Should your child become ill at school we attempt to contact you immediately. We do not have the facilities to care for sick children and will therefore contact you to enable your child to be taken home. It is very important that we have an up-to-date contact number for parents and an alternative adult in the event of an emergency.
Please notify us if your child has an infectious illness such as measles, mumps etc as we are required to report some illnesses to the medical authorities.
If your child has been unwell they should not return to school until they are fully recovered (48 hours after the last bout of sickness or diarrhoea).
If your child receives a bump to their head whilst at school, you will be alerted by a 'bump note' in your child's book bag. We will call you if your child appears to be out of sorts or has received injuries to the head, but if your child appears to be well following a head bump we will monitor them at school and inform you of the incident through a note placed in your child's book bag. For this reason, please check your child's book bag every day.
The NHS leaflet posted below provides advice for parents and carers on how to care for a child following an injury to the head.
If we are made aware of a case of head lice in school we will inform parents by ParentMail and enlist parents' support in monitoring their child's hair. This is most easily done by 'wet detection combing' on a weekly basis during regular hair washing sessions.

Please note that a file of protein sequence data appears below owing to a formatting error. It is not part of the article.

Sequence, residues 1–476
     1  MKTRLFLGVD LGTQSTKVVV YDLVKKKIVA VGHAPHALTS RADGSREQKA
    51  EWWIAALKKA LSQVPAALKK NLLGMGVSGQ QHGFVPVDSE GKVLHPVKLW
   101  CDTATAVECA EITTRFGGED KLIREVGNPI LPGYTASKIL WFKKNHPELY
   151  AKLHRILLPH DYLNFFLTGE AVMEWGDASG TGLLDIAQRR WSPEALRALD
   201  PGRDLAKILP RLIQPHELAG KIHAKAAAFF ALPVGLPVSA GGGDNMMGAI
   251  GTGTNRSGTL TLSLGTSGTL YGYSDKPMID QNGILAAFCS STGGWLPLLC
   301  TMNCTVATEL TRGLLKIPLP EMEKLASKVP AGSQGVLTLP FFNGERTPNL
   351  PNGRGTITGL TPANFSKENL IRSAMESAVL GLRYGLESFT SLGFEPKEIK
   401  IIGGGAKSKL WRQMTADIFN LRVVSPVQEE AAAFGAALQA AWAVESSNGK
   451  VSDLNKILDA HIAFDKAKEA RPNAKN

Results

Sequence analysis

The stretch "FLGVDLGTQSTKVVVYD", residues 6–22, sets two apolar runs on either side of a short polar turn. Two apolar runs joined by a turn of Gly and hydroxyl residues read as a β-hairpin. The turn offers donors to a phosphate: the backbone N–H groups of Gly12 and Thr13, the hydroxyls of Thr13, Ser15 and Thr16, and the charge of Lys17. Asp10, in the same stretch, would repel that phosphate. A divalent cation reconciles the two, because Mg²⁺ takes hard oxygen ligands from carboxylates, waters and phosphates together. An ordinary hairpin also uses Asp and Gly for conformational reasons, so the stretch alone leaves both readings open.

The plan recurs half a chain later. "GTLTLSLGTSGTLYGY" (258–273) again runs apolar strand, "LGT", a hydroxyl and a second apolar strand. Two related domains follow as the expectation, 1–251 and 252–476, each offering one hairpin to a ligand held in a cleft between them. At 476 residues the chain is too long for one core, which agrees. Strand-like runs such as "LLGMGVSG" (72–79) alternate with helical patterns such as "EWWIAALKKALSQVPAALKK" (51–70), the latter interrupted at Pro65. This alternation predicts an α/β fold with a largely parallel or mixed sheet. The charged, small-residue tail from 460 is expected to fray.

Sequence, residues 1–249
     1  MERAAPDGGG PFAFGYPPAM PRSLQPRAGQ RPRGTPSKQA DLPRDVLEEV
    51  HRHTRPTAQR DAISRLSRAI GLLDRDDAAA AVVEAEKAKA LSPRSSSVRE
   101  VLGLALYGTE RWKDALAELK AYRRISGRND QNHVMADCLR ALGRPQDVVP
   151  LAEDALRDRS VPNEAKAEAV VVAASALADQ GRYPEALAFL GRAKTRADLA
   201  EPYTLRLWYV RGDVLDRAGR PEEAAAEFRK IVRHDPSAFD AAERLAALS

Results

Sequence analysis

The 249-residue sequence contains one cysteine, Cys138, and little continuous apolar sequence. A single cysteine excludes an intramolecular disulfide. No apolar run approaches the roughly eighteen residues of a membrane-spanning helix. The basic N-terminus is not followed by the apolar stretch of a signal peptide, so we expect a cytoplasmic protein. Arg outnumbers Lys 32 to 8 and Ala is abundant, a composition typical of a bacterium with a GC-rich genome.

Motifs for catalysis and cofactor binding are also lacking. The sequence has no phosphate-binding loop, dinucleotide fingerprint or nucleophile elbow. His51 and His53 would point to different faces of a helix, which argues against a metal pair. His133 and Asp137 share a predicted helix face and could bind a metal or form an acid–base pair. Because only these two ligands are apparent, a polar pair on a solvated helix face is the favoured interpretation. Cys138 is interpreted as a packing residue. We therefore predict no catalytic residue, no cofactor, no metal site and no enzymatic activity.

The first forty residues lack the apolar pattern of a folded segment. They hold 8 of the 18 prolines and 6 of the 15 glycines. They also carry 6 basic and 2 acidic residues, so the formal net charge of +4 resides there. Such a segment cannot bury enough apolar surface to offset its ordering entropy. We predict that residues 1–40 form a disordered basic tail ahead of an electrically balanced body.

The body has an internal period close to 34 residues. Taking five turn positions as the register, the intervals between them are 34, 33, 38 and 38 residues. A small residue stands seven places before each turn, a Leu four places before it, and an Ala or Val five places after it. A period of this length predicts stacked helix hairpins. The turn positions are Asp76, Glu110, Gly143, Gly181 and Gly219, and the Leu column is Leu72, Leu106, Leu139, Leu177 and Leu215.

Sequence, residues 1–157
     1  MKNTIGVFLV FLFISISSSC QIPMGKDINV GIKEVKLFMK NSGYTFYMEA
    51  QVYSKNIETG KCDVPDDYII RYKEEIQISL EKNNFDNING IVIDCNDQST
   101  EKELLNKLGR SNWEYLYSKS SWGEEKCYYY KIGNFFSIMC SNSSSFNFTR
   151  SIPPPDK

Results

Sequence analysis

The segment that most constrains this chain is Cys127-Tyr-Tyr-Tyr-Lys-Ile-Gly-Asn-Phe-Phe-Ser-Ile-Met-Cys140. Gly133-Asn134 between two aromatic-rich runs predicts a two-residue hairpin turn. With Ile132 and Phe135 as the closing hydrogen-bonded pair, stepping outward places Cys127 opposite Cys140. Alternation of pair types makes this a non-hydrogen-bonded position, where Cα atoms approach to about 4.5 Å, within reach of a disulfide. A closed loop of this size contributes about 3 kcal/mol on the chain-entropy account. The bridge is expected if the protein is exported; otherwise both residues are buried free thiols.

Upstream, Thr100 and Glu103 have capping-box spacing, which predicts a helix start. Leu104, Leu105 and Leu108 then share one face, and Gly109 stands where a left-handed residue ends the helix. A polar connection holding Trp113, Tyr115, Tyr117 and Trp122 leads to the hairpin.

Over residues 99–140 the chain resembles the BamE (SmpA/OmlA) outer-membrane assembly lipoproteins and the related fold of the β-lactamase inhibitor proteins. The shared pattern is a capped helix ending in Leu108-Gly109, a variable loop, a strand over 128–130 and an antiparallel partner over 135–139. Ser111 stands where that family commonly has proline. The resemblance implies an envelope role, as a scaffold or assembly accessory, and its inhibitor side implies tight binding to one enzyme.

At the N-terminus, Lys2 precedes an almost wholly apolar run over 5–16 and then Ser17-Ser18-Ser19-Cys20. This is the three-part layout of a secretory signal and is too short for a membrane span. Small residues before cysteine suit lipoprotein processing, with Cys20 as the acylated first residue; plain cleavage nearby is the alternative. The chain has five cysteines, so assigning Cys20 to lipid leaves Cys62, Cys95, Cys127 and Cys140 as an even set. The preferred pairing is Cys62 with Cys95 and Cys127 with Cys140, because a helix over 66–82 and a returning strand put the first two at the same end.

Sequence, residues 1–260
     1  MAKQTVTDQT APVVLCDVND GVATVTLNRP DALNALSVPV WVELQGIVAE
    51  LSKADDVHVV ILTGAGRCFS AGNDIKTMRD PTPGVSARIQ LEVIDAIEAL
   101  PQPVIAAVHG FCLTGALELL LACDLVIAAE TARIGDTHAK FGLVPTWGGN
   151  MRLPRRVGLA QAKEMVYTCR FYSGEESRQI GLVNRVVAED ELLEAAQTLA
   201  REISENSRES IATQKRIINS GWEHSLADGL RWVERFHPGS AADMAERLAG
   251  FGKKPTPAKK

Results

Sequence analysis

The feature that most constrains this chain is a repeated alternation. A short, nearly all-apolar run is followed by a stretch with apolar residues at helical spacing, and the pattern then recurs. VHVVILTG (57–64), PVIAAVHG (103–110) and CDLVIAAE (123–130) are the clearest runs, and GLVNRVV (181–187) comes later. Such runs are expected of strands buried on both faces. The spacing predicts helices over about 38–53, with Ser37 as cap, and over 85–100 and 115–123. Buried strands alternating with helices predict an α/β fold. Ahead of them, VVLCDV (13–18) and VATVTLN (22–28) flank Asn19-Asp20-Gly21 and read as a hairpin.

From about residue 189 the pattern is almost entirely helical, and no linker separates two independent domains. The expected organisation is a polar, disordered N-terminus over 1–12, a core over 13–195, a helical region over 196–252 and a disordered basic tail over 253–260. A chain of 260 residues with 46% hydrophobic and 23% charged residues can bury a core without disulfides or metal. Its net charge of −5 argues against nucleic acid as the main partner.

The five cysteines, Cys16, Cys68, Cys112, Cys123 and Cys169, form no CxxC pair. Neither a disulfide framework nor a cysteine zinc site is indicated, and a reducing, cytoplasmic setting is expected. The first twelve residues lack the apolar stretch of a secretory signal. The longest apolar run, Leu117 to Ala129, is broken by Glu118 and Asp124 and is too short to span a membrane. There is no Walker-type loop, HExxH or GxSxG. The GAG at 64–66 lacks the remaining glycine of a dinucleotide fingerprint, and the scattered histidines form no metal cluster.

The NHS website has excellent guidance on how detect, treat and prevent head lice:
Chickenpox is an acute generalised viral disease, which is highly infectious. It is usually a mild disease and the child makes a full recovery. If you have already had the infection then you are immune and won’t get it again. If you have not previously had it the disease can rarely be much more serious: notably in adults, particularly pregnant women; in infants, and in any immunosuppressed individuals. Very rarely, chickenpox in children can be complicated by a severe infection caused by a bacterium called invasive Group A streptococcus, which appears infecting the spots and surrounding area. If you are concerned you should consult with your GP.
The main symptom of chickenpox is a rash in which groups of small, red, itchy and sometimes painful, fluid filled (blister-like) spots appear on many parts of the body. After a few days the spots burst or dry out and then crust over. In addition to the rash, a child may also have a slightly raised temperature, but in general does not appear very ill.
Chickenpox is transmitted directly by personal contact or droplet spread. Children are infectious from 1-2 days prior to the start of the rash and continue to be so until all lesions are crusted (usually about 5 days). Children should therefore be kept away from school until 5 days after the onset of the rash or until all spots are crusted over if longer than 5 days.
The virus can remain dormant in the body for many years and may reactivate later in life causing Shingles.
If you have any concerns please consult your GP.
General advice on childhood illnesses
Worried by symptoms a child or young person is experiencing? Healthcare professionals at Frimley Healthier Together offer advice on symptoms including coughs, colds, vomiting, rashes and mental health, plus when and where to access medical help. Watch today - https://bit.ly/Healthadvice